Supreme Audit Office will look into Hayeks’ deals - updated

THE SUPREME Audit Office (NKÚ ) will look into deals that have been making print press headlines over the past couple of weeks and have heated up the situation in Slovakia’s ruling coalition. The audit authority’s scrutiny means that for now Martin Chren, nominated by Freedom and Solidarity (SaS) as state secretary (i.e. deputy minister) at the Ministry of Economy, and Ivan Švejna, nominated by Most-Híd as state secretary at the Ministry of Transport will keep their positions. The heads of both individuals will however roll if the deals that Hayek Consulting, the company which they co-owned, manufactured with the current government as well as its predecessor, display irregularities, or are found in violation of the procurement rules.

Ivan Švejna and Prime Minister Iveta Radičová at a cabinet session.Ivan Švejna and Prime Minister Iveta Radičová at a cabinet session. (Source: TASR)

THE SUPREME Audit Office (NKÚ ) will look into deals that have been making print press headlines over the past couple of weeks and have heated up the situation in Slovakia’s ruling coalition. The audit authority’s scrutiny means that for now Martin Chren, nominated by Freedom and Solidarity (SaS) as state secretary (i.e. deputy minister) at the Ministry of Economy, and Ivan Švejna, nominated by Most-Híd as state secretary at the Ministry of Transport will keep their positions. The heads of both individuals will however roll if the deals that Hayek Consulting, the company which they co-owned, manufactured with the current government as well as its predecessor, display irregularities, or are found in violation of the procurement rules.

The Supreme Audit Office’s scrutiny is the solution that Prime Minister Iveta Radičová has offered for the mounting tension within the ruling coalition on September 24. The state secretaries and their nominating parties have called media coverage of the contracts artificially-created stories designed to discredit them.

Hayek Consulting, when it was apparently still co-owned by Chren and Švejna, signed a €8,100 contract with the National Agency for Small and Medium-Sized Businesses, part of the Ministry of Economy, only a few days after both individuals were appointed to their government positions. In mid August, local media reported that Chren and Švejna had terminated the state contract on behalf of the consulting firm.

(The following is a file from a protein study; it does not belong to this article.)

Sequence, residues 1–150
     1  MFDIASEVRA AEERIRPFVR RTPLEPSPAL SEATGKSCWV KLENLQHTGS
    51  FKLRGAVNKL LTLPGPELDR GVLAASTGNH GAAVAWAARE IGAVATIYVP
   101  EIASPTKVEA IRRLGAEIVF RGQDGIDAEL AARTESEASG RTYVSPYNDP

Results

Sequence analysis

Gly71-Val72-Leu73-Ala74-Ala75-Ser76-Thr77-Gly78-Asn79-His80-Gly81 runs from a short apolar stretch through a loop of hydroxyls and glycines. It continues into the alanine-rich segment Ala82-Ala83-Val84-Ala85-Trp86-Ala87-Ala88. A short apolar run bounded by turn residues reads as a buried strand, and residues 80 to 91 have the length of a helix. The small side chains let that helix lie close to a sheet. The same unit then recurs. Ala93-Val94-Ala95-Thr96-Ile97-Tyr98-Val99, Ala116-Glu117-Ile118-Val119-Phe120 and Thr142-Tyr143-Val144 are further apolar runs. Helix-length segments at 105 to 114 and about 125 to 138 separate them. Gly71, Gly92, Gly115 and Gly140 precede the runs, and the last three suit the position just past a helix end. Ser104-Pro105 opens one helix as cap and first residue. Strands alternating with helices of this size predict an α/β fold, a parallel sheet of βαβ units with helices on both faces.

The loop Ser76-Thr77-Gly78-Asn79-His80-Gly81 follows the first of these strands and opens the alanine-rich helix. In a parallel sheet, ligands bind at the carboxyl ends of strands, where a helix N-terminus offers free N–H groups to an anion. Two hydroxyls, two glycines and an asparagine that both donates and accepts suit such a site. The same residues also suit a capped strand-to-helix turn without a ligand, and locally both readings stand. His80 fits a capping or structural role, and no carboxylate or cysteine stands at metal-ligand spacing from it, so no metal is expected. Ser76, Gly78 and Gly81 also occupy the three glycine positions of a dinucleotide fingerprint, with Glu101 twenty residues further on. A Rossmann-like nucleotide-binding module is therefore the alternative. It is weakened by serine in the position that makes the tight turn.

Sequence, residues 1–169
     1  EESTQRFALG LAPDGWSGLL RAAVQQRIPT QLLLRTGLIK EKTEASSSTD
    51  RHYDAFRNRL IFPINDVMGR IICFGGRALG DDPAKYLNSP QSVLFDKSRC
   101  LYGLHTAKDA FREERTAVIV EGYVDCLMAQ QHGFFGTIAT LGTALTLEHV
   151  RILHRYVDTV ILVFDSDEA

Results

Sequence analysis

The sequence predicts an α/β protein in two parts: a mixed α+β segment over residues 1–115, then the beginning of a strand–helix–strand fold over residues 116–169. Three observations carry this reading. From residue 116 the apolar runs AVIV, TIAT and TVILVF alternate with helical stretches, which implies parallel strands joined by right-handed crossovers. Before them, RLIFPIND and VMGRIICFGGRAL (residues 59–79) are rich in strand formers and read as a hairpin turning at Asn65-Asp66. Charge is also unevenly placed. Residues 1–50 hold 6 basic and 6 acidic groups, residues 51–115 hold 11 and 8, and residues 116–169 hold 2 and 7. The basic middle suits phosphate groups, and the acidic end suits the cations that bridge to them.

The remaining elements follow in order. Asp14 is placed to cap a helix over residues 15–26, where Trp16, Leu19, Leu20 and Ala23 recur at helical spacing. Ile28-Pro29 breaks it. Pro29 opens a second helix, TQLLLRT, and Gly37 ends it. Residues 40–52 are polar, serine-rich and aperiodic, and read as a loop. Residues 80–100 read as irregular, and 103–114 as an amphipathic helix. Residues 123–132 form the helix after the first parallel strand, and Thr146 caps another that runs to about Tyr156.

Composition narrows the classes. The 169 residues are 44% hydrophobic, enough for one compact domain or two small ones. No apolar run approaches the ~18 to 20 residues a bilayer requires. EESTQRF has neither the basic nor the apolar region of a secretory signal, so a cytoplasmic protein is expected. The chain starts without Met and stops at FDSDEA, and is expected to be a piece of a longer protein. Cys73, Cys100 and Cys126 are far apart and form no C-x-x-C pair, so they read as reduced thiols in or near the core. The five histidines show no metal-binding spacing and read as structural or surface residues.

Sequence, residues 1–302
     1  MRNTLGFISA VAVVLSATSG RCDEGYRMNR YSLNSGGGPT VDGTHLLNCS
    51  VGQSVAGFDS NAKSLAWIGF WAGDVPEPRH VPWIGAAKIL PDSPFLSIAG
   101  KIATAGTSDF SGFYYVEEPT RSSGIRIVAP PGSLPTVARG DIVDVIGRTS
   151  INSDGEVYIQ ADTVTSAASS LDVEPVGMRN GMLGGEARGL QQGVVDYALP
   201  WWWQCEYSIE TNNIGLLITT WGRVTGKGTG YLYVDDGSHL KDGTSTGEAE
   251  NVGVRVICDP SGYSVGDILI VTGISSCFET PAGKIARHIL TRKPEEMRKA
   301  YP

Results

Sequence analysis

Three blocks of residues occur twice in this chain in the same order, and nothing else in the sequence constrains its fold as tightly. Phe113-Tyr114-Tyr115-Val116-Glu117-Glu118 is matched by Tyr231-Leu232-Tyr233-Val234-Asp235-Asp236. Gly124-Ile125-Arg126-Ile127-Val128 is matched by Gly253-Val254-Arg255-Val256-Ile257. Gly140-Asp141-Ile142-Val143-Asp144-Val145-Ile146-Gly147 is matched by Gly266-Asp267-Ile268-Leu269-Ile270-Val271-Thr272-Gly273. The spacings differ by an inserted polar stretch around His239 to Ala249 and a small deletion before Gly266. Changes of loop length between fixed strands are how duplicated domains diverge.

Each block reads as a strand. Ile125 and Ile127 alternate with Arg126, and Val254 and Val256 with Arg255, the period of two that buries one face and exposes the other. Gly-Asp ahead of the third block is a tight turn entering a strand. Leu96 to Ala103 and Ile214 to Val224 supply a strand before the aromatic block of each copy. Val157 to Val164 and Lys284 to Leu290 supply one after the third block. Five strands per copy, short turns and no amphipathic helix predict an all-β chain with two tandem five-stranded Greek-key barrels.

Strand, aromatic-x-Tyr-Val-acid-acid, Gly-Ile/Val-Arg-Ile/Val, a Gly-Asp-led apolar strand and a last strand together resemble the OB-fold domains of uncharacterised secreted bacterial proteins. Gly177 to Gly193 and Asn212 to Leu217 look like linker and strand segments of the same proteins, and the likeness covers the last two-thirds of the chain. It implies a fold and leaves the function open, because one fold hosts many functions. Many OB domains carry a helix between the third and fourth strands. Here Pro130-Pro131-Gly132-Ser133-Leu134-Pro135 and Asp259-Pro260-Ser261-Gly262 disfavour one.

Under the previous government, the company had competed for several Finance Ministry contracts along with firms that the Sme daily reported were on friendly terms with Hayek Consulting.

On September 24, Radičová said in an official release based on legal analysis, that by signing the deal in July of this year, no laws have been violated. Despite this, in relation to state secretary Martin Chren, one has to talk seriously about conflict of interest.

“Martin Chren himself claims that the company withdrew from the deal immediately when they became aware that such a conflict of interest could have emerged,” the release reads. “He proves it by a letter dated August 16, 2010, in which the firm withdrew from the deal.”

According to the release, several deals signed by state institutions with Hayek Consulting under the previous government have evoked suspicion.

“So that such doubts do not emerge, my government have passed several measures, which are to increase transparency of public procurement and the use of public funds,” the statement reads. “I remind that it was this government, which published the deals and made public control possible.”

According to Radičová, if the NKÚ does not declare unambiguous transparency and effectiveness of these contracts she would decide whether both state secretaries have to step down.

Radičová had been pressing the party leaders of SaS and Most-Híd over the past two weeks to take a clear stand about what they will do regarding their nominees. Thus far both SaS and Most-Hid have said they continue to back their nominees to the state posts.